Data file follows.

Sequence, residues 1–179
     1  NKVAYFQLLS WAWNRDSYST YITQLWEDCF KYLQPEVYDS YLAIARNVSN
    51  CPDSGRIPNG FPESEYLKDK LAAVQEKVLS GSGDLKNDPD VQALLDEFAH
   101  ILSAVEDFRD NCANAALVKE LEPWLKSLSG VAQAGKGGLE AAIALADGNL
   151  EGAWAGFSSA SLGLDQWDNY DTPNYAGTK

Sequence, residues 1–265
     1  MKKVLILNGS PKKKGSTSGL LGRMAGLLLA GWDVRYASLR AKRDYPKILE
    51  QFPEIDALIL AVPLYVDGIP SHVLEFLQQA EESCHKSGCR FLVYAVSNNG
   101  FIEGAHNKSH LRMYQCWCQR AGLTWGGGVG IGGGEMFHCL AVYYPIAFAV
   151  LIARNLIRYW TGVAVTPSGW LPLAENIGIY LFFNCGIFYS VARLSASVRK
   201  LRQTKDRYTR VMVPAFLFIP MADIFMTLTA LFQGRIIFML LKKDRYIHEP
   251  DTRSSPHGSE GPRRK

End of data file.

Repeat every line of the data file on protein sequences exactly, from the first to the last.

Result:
Sequence, residues 1–179
     1  NKVAYFQLLS WAWNRDSYST YITQLWEDCF KYLQPEVYDS YLAIARNVSN
    51  CPDSGRIPNG FPESEYLKDK LAAVQEKVLS GSGDLKNDPD VQALLDEFAH
   101  ILSAVEDFRD NCANAALVKE LEPWLKSLSG VAQAGKGGLE AAIALADGNL
   151  EGAWAGFSSA SLGLDQWDNY DTPNYAGTK

Sequence, residues 1–265
     1  MKKVLILNGS PKKKGSTSGL LGRMAGLLLA GWDVRYASLR AKRDYPKILE
    51  QFPEIDALIL AVPLYVDGIP SHVLEFLQQA EESCHKSGCR FLVYAVSNNG
   101  FIEGAHNKSH LRMYQCWCQR AGLTWGGGVG IGGGEMFHCL AVYYPIAFAV
   151  LIARNLIRYW TGVAVTPSGW LPLAENIGIY LFFNCGIFYS VARLSASVRK
   201  LRQTKDRYTR VMVPAFLFIP MADIFMTLTA LFQGRIIFML LKKDRYIHEP
   251  DTRSSPHGSE GPRRK